And then, at the edge of the patio, I finally catch a smell of something that makes
my hackles rise.
Sunil’s blood.
Fresh blood. One spot about as big as my paw pad, hardly diluted by rain.
I whine. Two-legs! Two-legs hurt!
I circle the stone patio and the mulched earth at its edge. No more blood, but I
smell Sunil stronger now–mud, a little sweat–and something else.
Someone else.
One other adult two-legs. A new one. He smells like cigarettes and black licorice
and something wrong, something dangerous yet familiar that makes my hackles rise
again.
This licorice two-legs smells like sex. Sex with Sunil’s alpha.
I bark. Worried! Worried!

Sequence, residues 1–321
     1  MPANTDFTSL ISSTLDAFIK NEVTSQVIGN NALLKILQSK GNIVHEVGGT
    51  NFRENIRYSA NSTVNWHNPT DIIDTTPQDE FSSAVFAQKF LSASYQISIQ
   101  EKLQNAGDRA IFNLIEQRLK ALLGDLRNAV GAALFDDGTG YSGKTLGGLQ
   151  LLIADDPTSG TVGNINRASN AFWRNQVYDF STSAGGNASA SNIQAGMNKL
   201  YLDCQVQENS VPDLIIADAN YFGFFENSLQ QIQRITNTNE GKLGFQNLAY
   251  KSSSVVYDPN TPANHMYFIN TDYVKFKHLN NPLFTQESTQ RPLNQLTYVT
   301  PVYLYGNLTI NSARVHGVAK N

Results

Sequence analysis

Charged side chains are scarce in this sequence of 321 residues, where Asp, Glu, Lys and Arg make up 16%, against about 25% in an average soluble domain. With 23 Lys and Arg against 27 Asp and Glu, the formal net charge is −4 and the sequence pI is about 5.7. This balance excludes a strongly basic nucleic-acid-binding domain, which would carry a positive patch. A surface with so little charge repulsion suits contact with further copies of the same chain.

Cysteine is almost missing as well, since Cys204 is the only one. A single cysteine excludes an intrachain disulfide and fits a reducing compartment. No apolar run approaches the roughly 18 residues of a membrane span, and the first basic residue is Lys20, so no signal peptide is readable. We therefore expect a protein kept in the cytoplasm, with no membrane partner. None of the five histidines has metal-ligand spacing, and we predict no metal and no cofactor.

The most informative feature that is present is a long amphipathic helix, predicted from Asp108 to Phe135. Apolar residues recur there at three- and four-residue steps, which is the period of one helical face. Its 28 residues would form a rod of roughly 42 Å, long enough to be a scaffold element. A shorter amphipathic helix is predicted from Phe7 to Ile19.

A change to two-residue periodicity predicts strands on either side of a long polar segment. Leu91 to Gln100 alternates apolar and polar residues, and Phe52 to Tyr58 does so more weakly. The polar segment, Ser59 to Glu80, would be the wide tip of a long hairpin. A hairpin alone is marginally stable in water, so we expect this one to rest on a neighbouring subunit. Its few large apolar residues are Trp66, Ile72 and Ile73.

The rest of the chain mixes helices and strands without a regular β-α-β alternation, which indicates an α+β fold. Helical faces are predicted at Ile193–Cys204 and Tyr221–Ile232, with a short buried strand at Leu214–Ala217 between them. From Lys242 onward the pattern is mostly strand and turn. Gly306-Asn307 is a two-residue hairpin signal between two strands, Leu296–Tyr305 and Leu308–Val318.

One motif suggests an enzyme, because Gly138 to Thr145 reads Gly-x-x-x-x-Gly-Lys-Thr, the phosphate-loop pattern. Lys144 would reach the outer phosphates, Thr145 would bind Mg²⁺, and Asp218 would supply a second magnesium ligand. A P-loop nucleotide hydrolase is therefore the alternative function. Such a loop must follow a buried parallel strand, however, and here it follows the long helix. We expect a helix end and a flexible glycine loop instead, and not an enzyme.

I hear a shout from the restaurant, but I keep going, nose to ground, sniff sniff
sniff run sniff sniff.
Following Sunil and Licorice Two-legs. Licorice has bigger, deeper footprints
than Sunil.
Sunil. Walking crooked. Leaning on his right. Leaning on Licorice. Here, his boot
dragged in the mud. I sniff a gum wrapper that fell out of Sunil’s pocket, but it’s empty
and smells like mint and his laundry soap. It’s already damp from the rain.
Sunil smell is very strong here.
He fell down. I nose the imprint from his body. He couldn’t walk anymore.
I nudge a clump of his hair, tangled in a stick on the ground.
Yes, Sunil collapsed here. But his scent keeps going south, out of the woods.
How?
I circle around this strong Sunil spot, check the scent trail backwards and
forwards.
Forward, I don’t find any more Sunil prints. Only Licorice boot prints, even
deeper than before. And more Sunil hair and Sunil blood.
Licorice is dragging Sunil! But where?
I bark. Sunil! Sunil!
I hear two-leg voices. I hear a car door slam near the Lighthouse Inn. I hear two-
leg footsteps.
They are tracking me.
They are coming to get me.